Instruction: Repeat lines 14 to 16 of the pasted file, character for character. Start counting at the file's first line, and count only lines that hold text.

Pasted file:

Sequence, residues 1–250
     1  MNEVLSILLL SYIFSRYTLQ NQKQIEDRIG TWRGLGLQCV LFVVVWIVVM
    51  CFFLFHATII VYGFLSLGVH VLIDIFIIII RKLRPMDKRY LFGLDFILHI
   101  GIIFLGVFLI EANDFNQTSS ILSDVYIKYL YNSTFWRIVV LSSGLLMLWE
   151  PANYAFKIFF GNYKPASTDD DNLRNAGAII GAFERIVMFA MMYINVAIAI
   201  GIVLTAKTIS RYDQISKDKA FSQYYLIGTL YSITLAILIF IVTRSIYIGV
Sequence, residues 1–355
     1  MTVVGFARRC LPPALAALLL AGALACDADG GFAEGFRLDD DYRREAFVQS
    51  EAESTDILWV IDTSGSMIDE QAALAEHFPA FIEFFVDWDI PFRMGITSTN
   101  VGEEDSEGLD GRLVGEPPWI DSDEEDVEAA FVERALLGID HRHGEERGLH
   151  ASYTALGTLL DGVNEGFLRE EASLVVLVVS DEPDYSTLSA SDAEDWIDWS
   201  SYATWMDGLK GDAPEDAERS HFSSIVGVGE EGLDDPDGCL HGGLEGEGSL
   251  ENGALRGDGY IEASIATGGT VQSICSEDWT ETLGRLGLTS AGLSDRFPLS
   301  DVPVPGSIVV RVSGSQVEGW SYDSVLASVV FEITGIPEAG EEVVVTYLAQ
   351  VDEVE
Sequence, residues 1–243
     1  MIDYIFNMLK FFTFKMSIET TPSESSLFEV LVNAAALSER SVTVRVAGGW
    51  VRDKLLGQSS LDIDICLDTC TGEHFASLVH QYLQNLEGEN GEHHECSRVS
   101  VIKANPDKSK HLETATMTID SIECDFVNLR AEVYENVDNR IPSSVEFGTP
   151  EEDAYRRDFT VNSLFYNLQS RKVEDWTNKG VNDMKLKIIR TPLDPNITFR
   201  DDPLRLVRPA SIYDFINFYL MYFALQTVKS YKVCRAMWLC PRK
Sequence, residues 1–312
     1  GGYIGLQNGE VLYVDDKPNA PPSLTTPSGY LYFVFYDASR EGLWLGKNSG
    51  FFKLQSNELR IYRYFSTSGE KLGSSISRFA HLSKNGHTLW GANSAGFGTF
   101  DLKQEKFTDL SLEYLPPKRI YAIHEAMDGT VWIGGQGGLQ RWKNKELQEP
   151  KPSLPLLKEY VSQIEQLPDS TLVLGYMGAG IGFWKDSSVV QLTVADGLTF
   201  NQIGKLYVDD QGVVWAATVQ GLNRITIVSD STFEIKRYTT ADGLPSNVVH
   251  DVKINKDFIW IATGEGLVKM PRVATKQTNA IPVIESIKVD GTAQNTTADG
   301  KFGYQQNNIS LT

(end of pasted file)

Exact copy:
   301  DVPVPGSIVV RVSGSQVEGW SYDSVLASVV FEITGIPEAG EEVVVTYLAQ
   351  VDEVE
Sequence, residues 1–243